If a cut tendon is not repaired, its function is permanently lost. This may cause deformity, loss of movement and weakness. Delay in treatment especially beyond a month can make subsequent attempts at repair difficult or even impossible depending on the length of delay and the tendon(s) injured. If unrepaired, the tendon ends retract and get stuck in scar tissue; the muscle shortens and withers; the tunnels through which the tendons run shrink; and the joints affected can stiffen. Late secondary reconstruction can be performed but the surgery is more complex and the results are poorer.

A complex forearm injury caused by a fall on glass


Surgery

Exploration of the wound will often occur with the patient awake (local or regional anaesthetic) but more complex injuries would be explored whilst the patient is asleep (general anaesthetic). The surgeon will apply a tourniquet to the limb to prevent bleeding, which makes the operation much easier. It is likely that the wound will be made larger by the surgeon to enable a thorough inspection of the structures in the vicinity as well as to retrieve tendon ends that tend to spring apart when cut. The operation can be technically demanding particularly with the flexor tendons and involve microsurgery if nerves require repair. The cut tendons are retrieved and stitched together, the skin stitched and the wound dressed. The hand/wrist is almost always protected by a splint (plaster of Paris, fibreglass, metal) to prevent the tendon repair being over-stretched.

Laceration of the extensor tendon (central slip) causing an obvious change in posture. Surgical repair of the tendon performed under local anaesthetic with a finger tourniquet


Rehabilitation

Good rehabilitation after tendon repair is crucial. The tendon repair is initially much weaker than normal and can snap if over-stressed. The repair will need to be protected by a splint for at least four weeks although the tendon will take about 12 weeks to recover full strength. At the same time, it is important that the repair does not get stuck to surrounding tissues, which would prevent the tendon gliding properly. Most rehabilitation regimens therefore involve "protected mobilisation", which allows early movement without excessive stress on the tendon repair. The precise regimen used depends on the preferences of the surgeon and the specific injury. Rehabilitation may be varied according to the progress a patient is making. The patient will be given specific advice about the timing of return to work and daily activities, which will depend on the tendon(s) injured. In general, the timing of return to work for extensor tendon repairs is light (clerical) 6 weeks, medium (shop-keeper, light-engineering) 8 weeks and heavy (heavy engineering, building) 10 weeks. Return to driving a car is 6 weeks, a motorbike and HGV 8 weeks, and contact sports are 10-12 weeks. The time scale for flexor repairs is about two weeks longer.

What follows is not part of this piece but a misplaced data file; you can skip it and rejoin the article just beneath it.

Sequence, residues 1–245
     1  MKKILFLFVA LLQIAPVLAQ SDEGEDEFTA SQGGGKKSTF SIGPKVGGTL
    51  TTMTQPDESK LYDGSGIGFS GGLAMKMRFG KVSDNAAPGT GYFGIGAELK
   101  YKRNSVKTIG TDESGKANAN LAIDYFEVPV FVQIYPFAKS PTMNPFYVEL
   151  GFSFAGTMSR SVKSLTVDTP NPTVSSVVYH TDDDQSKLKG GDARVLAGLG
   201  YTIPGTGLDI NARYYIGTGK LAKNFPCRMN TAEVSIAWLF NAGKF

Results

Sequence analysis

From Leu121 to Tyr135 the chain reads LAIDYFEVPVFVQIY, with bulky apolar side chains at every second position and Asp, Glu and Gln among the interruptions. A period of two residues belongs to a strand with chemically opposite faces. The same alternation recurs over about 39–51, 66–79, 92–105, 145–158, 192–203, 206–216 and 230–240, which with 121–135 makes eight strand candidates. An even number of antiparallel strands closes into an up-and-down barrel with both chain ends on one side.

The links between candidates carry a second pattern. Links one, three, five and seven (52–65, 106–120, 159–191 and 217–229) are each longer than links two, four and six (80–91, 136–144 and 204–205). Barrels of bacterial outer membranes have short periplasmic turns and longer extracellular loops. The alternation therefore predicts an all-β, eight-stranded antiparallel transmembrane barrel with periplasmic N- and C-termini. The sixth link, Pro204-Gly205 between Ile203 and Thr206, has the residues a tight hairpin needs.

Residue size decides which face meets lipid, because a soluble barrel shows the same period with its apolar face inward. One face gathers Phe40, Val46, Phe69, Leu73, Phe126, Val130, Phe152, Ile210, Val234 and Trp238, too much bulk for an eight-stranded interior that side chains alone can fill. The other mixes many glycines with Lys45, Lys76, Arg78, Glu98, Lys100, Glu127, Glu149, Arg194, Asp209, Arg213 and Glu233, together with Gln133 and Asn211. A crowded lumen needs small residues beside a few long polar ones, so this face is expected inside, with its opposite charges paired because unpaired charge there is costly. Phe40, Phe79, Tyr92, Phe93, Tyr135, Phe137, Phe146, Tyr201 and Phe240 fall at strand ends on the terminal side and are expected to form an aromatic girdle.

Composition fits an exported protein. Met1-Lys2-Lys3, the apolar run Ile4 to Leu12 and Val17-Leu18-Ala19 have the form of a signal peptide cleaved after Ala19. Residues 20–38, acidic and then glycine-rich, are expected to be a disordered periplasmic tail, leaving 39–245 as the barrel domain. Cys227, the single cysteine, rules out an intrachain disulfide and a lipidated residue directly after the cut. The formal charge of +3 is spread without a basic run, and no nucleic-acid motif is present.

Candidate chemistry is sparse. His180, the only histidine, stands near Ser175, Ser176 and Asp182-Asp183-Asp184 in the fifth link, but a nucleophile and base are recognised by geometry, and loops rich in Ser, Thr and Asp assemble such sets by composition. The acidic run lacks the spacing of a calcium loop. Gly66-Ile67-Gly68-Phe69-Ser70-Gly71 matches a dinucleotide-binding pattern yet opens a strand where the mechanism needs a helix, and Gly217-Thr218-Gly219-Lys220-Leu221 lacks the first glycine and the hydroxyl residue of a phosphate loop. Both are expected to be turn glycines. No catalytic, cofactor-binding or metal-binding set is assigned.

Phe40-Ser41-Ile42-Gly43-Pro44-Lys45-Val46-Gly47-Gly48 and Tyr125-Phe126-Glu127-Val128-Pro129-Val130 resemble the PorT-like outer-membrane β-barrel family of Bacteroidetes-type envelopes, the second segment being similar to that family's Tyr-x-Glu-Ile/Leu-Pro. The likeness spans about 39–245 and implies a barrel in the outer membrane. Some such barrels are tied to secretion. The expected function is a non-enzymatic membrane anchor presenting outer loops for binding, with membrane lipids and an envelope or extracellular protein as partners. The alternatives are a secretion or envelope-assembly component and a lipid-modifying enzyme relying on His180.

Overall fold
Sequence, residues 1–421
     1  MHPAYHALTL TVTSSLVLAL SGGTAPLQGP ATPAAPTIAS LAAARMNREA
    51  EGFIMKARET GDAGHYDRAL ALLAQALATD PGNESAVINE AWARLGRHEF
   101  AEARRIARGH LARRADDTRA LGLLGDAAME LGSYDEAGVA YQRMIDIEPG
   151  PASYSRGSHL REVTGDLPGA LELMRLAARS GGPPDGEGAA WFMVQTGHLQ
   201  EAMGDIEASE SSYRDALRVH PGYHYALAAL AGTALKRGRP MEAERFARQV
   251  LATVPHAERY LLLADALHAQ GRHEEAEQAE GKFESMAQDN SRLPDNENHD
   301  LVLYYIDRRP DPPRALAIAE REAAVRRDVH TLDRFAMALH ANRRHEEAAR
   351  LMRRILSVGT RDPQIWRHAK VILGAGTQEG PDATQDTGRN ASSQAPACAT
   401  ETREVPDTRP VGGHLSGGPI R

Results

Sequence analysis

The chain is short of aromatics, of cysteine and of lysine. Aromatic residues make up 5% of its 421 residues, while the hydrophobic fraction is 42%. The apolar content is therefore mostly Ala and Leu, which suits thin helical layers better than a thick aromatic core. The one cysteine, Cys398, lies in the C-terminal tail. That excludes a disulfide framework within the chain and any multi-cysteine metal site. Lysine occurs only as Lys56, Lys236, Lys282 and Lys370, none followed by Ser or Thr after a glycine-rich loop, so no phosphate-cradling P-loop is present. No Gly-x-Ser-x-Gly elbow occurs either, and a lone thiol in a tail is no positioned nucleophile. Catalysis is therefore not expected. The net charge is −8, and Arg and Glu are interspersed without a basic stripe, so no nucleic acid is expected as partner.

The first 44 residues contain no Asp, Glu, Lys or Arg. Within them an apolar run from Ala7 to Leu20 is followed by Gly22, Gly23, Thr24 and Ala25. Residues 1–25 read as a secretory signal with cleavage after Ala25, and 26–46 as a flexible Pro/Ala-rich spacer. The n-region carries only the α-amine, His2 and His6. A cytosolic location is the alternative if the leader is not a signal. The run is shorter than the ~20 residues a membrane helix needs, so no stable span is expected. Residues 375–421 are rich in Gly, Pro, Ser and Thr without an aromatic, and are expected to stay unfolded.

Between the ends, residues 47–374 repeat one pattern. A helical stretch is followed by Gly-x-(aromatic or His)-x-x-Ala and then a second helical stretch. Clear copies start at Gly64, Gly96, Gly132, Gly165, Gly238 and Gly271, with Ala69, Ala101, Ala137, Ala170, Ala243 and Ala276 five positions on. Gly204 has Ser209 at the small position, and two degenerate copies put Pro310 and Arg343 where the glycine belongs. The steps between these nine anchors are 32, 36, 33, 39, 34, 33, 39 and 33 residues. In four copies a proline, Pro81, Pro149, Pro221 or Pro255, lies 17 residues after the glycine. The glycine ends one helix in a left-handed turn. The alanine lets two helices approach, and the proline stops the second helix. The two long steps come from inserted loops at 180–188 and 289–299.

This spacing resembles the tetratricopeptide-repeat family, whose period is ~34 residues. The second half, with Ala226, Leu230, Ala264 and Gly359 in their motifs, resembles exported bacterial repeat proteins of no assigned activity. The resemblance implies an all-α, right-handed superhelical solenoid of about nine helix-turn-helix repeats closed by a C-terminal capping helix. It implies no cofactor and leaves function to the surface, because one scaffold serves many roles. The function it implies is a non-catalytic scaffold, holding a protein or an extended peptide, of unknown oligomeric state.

Splinting and protected mobilisation of an extensor tendon injury


Complications

Tendon injuries require careful repair, thoughtful rehabilitation and a compliant patient if an optimum result is to be achieved.

Infection Wound infections can occur in 5% of cases of repair, particularly if the injury occurred on a contaminated surface such as in an agricultural setting. This usually can be resolved by antibiotics but if severe can cause failure of the repair.

Tendon snap Failure of the tendon repair can occur in 5-10% of cases and can be contributed to by factors such as infection or technical failure or patient non-compliance.

Tendon adhesion Some loss of tendon glide is very common. In the majority of patients the loss of movement is minor. In some, however, further surgery is required to free the tendon (tenolysis).

Joint stiffness Joints in the region can become stiff even if not directly injured as a result of factors such as swelling, infection and immobility. In the majority of patients the loss of movement is minor. In some, however, further surgery is required to release the joint (arthrolysis).


This information relates solely to my clinical practice. The views and management of other surgeons may differ.


H.J.C.R. Belcher, MS, FRCS (Plast), Consultant Hand & Plastic Surgeon

Queen Victoria Hospital, Holtye Rd, East Grinstead, SUSSEX RH19 3DZ, UK